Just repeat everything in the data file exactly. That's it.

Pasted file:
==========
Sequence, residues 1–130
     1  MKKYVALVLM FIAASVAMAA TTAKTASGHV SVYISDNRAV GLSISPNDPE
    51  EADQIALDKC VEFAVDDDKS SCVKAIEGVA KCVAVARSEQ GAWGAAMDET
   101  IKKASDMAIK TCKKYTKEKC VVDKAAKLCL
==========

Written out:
Sequence, residues 1–130
     1  MKKYVALVLM FIAASVAMAA TTAKTASGHV SVYISDNRAV GLSISPNDPE
    51  EADQIALDKC VEFAVDDDKS SCVKAIEGVA KCVAVARSEQ GAWGAAMDET
   101  IKKASDMAIK TCKKYTKEKC VVDKAAKLCL